Recent Data by HMRC, illustrates that sales of residential properties have remained fairly stable throughout August and September this year, with just a 0.9% drop year-on-year since last year. In actual fact, the statistics show that month-on-month there has been a 15.8% increase, equalling around 99,890 transactions for residential properties.
This demonstrates there is plenty of demand out there – regardless of political uncertainty people still need and want to move houses.
There is a strong buying power opportunity for investors, and it appears that many are abandoning the wait and see approach in favour of just getting on with it. Mortgage rates are very competitive, employment is high, and earnings have improved, so there are reasons to be positive.
According to Landbay only 42% of private renters might consider purchasing a new home in the new future. With over 2,000 respondents, the study showed that older tenants – aged 55-and-over – were the least interested in buying somewhere new.
This fits the evidence that Britain could soon be a nation of renters. With private renters set to outnumber homeowners by 2039, ‘Generation Rent’ seems to be in full swing. For those who aren’t considering buying a home, flexibility is a major positive with nearly 25% citing it as their reason for renting. John Goodall, CEO of Landbay, believes it’s a sea change that landlords and the Government need to consider:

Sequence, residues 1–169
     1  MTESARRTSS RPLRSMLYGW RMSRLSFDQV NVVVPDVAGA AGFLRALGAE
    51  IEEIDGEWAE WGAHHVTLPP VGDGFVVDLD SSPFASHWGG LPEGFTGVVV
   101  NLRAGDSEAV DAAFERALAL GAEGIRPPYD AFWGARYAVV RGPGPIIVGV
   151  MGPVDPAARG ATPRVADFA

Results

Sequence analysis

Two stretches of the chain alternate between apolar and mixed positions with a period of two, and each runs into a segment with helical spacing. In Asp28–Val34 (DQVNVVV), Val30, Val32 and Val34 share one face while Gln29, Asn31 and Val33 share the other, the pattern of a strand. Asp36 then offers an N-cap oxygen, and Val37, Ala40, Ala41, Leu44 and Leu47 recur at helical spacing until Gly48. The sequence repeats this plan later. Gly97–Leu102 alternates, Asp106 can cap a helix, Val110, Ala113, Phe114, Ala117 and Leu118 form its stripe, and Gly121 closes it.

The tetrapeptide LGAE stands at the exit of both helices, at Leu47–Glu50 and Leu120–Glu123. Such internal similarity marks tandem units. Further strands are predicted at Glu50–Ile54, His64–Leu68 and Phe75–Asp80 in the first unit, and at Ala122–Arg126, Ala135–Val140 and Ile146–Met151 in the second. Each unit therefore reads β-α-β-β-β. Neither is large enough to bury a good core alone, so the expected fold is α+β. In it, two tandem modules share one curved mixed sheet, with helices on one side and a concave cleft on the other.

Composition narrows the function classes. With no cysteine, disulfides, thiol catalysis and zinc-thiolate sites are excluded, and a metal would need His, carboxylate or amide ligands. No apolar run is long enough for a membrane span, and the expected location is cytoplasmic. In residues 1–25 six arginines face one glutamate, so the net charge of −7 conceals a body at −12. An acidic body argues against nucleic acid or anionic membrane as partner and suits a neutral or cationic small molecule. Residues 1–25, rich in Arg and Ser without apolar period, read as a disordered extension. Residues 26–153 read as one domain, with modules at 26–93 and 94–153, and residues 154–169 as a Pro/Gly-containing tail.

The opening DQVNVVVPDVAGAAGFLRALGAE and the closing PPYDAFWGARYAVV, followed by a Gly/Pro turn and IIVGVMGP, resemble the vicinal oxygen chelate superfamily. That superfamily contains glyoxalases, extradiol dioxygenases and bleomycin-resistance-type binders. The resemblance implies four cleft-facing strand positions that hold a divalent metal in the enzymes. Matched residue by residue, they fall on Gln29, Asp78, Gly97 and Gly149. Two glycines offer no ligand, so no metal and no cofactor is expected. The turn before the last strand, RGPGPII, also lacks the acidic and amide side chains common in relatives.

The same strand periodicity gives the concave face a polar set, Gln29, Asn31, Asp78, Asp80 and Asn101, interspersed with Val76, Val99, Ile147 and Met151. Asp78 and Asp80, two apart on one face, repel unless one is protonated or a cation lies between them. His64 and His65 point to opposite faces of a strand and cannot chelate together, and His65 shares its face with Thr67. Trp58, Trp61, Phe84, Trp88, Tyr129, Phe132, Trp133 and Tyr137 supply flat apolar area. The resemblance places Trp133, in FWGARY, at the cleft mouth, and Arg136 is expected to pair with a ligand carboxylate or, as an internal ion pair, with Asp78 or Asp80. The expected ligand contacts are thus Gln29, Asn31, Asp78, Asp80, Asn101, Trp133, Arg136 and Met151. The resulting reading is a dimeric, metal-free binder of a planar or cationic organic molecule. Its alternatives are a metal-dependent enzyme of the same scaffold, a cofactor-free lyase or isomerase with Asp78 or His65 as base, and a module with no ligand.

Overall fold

“This research suggests the UK’s enthusiasm for homeownership may be waning. Conversations around the private rental sector often assume the bulk of renters are simply biding their time until they can buy a house.
“However, the changing face of employment and a thirst for flexible living mean renting is more attractive than ever and landlords should reflect this in their interactions with tenants. It’s crucial that investment in the private rental sector becomes a priority. The Government must focus on encouraging purpose-built rental properties and cease its penalisation of landlords.”
According to ONS rents paid by tenants in the U.K residential market have risen by 1.3% since last year. While rental growth has generally slowed since the first quarter of 2016, driven by an underperforming London market, rents have started to increase since the beginning of this year. Over a long-term view, rents have risen by 7.9% between 2015 and 2019 nationwide, gradually increasing in parallel with demand.
New research has shown that over 50% of UK property investors believe there will be a surge in activity within the sector after the 31st October. Largely shaped by long-term confidence in the market’s resilience, only 31% of the investors surveyed believe that leaving the EU will negatively affect the value of their property portfolios. If there is a no-deal Brexit, the Treasury might instead turn its focus on giving immediate support to the economy, businesses and households. Consequently, such stimulus packages and the pent-up demand combined will result in a surge in the U.K property market.
Despite the political landscape, UK property remains robust enough to entice many domestic and international investors that want affordability and consistent returns. As transactions stabilise and rents continue to increase.